Makarii bulgakov 1816 1882 then a young hieromonk and

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Makarii Bulgakov(1816-1882), then a young hieromonk and baccalaureate at the Kiev Acad-emy was more compliant. He was summoned to St. Petersburg in 1842 to teach theology, replac-ing Afanasii who declined to teach it and preferred to concentrate on teaching others. Makariihad not previously studied theology, and he felt more affinity for, and interest in, historicalthemes. He wrote his school thesis on the history of the Kiev Academy, and in doing so he musthave even become acquainted with old course and conspectus manuscripts on theology from thetime of Catholic influence. Most likely this was the source of his own personal sympathy for Ro-man Catholic handbooks and systems. At the academy Makarii listened to the lectures on dog-matics given by Dimitrii Muretov (1806- 1883), 241twice subsequently archbishop of Khersonand Taurida. But he did not learn scholastic ways from Dimitrii. We can judge Dimitrii's theol-ogy lectures by only a few fragments recorded in student memoirs. Dimitrii attracted, and irre-sistibly attracted, the truly meek and humble heart. But this “feeling of the heart” never de-scended to a rhetorical or sticky sentimentalism. His feeling of the heart resided in the spiritualelement and soul. In his lectures he tried to link theological problematics with their spiritualsources and religious, experience. One always detects the constant curiosity of his searchingmind. Dimitrii's outlook must now be reconstructed from his sermons. He loved to deliver ser-mons, especially ones on dogmatic themes. He spoke very simply, yet he was able to express re-ligious conceptions precisely in simple, almost naive, words and reveal an inward perspectiveeven in prosaic details (for example, read his sermon on time and eternity given New Year's167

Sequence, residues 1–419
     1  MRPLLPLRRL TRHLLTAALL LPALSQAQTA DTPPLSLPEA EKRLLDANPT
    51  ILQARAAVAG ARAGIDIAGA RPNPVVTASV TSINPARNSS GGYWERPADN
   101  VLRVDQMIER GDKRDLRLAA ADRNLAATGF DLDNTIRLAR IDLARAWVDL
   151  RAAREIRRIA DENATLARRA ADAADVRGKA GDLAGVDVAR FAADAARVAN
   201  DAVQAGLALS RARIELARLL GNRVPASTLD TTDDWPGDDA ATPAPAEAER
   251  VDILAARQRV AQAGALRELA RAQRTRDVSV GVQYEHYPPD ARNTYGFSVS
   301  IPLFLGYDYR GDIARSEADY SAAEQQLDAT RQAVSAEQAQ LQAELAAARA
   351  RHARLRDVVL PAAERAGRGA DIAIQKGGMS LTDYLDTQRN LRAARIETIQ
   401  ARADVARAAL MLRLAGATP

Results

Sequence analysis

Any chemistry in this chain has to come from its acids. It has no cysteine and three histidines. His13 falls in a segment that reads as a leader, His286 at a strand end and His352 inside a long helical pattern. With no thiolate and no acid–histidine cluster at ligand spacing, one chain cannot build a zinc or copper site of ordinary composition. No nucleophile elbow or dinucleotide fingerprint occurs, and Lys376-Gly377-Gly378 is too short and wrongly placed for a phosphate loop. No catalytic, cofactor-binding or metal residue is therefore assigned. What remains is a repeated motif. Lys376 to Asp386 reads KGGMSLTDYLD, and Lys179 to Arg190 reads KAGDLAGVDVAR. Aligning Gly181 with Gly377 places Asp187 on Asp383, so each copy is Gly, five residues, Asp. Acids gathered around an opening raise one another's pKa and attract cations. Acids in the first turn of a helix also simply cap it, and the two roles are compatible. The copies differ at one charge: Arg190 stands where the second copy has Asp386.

Day). By his dogmatic inquisitiveness, the power and exhaustiveness of his reasoning, his gift ofplastic definition, Dimitrii reminds one most of all of Filaret of Moscow. Moreover, Dimitrii hada charming simplicity and wonderful humility. Khomiakov highly valued Dimitrii whom heknew personally when Dimitrii was bishop of Tula.In a real sense Dimitrii should be included in the Alexandrine current in Russian Churchlife. He was educated in those books and under those impressions. He shared a common taste oreven passion for philosophy with Innokentii. Even as a theologian Dimitrii remained a philoso-pher. He began with the data of Revelation and the testimony of the Word of God, but immedi-ately proceeded to a speculative discovery of the meaning and power of dogma. He was not anhistorian, although he supported the historical method in the exposition of dogma. He was nevera westerner — his creative independent mind and his mystical realism saved him from that.Dimitrii had no direct influence on Makarii, for whom philosophical investigation of dogmaheld no interest. Makarii states that immediately after he arrived in St. Petersburg, Afanasii sub-jected his knowledge of theology to a strict examination, “especially where it touched on points

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